Are recent gas price hikes the result of B.C. storms?

WATCH: The storm forecasted for last Saturday is being blamed for a jump in gas prices. John Hua reports.

While a series of storms didn’t pack the wallop forecasted for the south coast, it may have had an impact on the price at the pumps.

The cost of gas is more than $1.30 a litre across much of Metro Vancouver as of Monday and experts pointed to the bad weather as the main culprit.

“A lot of it has to do with the inability for two of the four refineries south of the border to get their gasoline up to Canada via barge,” Dan McTeague, a petroleum analyst for, said.

READ MORE: Saturday storm leaves many in southern B.C. underwhelmed

When it comes to skyrocketing gas prices, consumers are often given the usual list of reasons: a low Canadian loonie, a refinery somewhere that needs to be refurbished etc.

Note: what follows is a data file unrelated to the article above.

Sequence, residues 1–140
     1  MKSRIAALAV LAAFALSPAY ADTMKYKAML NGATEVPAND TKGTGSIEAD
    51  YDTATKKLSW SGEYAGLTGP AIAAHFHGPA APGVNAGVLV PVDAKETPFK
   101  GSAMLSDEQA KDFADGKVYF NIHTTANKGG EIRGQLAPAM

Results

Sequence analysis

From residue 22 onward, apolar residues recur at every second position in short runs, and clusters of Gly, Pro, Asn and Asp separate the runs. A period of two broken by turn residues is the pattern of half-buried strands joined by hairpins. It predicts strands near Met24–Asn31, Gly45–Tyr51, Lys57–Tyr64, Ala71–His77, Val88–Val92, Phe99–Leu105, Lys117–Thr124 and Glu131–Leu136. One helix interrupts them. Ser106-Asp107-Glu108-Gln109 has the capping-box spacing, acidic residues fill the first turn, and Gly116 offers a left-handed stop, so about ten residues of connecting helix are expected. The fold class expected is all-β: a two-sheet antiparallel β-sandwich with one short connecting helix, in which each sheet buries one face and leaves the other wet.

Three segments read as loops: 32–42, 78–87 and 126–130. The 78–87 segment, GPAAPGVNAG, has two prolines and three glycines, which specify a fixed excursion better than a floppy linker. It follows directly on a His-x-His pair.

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But increased demand from a storm that didn’t quite come to pass is a new one.

“The realities on the high seas, that makes a little bit of a different situation,” McTeague said. “Demand had not changed; supply, of course, was disrupted.”

While the same storm hit several states on the west coast of the U.S., gas prices there remained stable.

Canadian consumers aren’t impressed.

“That’s a lie,” gas station customer Martin Rourke said of the idea weather has contributed to increased gas prices. “Come on, these places are full of gas and they can handle almost anything. Really, we’re being manipulated by people who want to make the profit.”

– With files from John Hua

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